Bartholomeus Breenbergh (Deventer 1598-1657 Amsterdam)
Property from a Private Collection
Bartholomeus Breenbergh (Deventer 1598-1657 Amsterdam)

Christ healing the blind

Details
Bartholomeus Breenbergh (Deventer 1598-1657 Amsterdam)
Christ healing the blind
signed and dated 'Breenbergh fecit. Ao 1653.' (lower left)
oil on panel
18 x 24 7/8 in. (45.5 x 63.2 cm.)
Provenance
Hendrik Muilman (1743-1812); his sale (†), Schley, Amsterdam, 12 April 1813, lot 28 (212 florins to Matthias Ignatius van Iperen), as 'Une riche ordonnance représentant le Christ guérissant les aveugles, sur la route de Jericho, en présence d'une multitude de spectateurs, en différents costumes; dans le lointain on voit des grandes édifices, des ruines et de hautes montagnes. Le tout est d';une touche rigeureuse d'un beau et fini.' ('A rich composition, showing Christ healing the blind on the way to Jericho, in the presence of a multitude of observers, in different robes; in the distance are large buildings, ruins and high mountains; everything is beautifully done, detailed and powerful.')

Lot Essay

This panel is an exceptional addition to Breenbergh’s oeuvre. Born in 1598 in Deventer, he is typically associated with the Dutch Italianates: he travelled to Rome, where he gained close knowledge of the work of Paul Bril, who was then the leading exponent of landscape painting in the city, and his early pictures are permeated by a use of southern light. He probably stayed around ten years in Italy, settling back in Amsterdam by the early 1630s, where he would develop his highly-refined style that is exemplified in this picture.
The wonderful turbaned figure at the centre of the composition can be compared to a similar character in his Landscape with the predication of Saint John (New York, Richard Feigen Collection), dated 1643, which Marcel Roethlisberger called ‘Breenbergh’s masterpiece’ (M. Roethlisberger, Bartholomeus Breenbergh. The Paintings, Berlin and New York, 1981, p. 80, no. 203), and which Eric Sluijter has suggested is part of a ‘dialogue’ between Breenbergh and Rembrandt (‘Breenbergh and Rembrandt in Dialogue’, Journal of Historians of Netherlandish Art, 9, 1, Winter 2017, DOI: 10.5092/jhna.2017.9.1.8). Breenbergh included ancient circular structures, like that in the left background, in earlier pictures, but the one shown here seems more closely inspired by the two great mausoleums of Rome, those of Augustus and Hadrian.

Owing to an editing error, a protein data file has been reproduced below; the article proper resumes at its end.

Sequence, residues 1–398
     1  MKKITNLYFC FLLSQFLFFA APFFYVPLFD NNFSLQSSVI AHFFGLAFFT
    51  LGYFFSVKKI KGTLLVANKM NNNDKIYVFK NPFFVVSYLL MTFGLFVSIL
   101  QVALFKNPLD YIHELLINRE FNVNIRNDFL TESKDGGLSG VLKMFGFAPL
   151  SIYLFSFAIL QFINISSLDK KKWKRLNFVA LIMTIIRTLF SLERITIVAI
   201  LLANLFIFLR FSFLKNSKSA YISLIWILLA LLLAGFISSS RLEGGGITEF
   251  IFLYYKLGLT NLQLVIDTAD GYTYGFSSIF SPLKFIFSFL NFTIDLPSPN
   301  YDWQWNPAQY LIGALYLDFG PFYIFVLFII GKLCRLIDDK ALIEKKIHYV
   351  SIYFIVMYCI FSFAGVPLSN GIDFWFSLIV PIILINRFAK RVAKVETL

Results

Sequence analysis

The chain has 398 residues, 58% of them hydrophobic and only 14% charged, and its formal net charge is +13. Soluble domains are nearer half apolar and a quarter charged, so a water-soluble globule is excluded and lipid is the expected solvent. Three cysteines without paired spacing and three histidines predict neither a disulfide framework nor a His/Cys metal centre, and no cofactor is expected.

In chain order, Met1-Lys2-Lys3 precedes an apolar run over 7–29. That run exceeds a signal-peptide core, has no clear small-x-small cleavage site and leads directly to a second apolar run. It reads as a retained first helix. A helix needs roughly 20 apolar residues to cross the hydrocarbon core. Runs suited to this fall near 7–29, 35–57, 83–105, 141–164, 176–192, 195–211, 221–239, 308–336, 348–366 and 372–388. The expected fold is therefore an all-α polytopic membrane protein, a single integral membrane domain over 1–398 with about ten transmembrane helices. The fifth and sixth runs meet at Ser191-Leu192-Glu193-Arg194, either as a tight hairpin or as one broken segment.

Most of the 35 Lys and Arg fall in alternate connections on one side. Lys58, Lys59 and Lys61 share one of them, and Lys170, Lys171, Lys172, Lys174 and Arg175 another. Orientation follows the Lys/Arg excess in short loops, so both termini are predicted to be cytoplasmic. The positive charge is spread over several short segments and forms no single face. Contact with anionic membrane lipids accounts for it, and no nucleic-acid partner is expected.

The description of the picture and its measurements match precisely those of the Breenbergh included in the sale of Hendrik Muilman’s collection in 1813. Muilman was an Amsterdam banker and collector, who inherited a fortune on his father’s death in 1790. The family firm, Muilman & Soonen, was founded in 1727, and grew to be one of the leading firms on the Amsterdam stock exchange. Muilman’s collection has received surprisingly little attention when one considers the masterpieces it contained. It included two works by Vermeer, The Milkmaid (Amsterdam, Rijksmuseum) and The Lacemaker (Paris, Musée du Louvre), as well as pictures by Pieter Saenraedam, Jan Steen and each of the leading Dutch Italianate and landscape artists of the seventeenth century. Muilman has been described as ‘a pioneer in his preference for a particular kind of Dutch art’ (C. van der Bas, ‘The Muilman Collection: the progressive taste of an eighteenth-century banking family’, Simiolus, vol. 32, nos. 2/3, 2006, p. 157). His cousin, Anna Muilman (1733-83) married John Julis Angerstein (1735-1823). It was Angerstein’s collection that formed the core of the National Gallery in London when it was founded in 1824.
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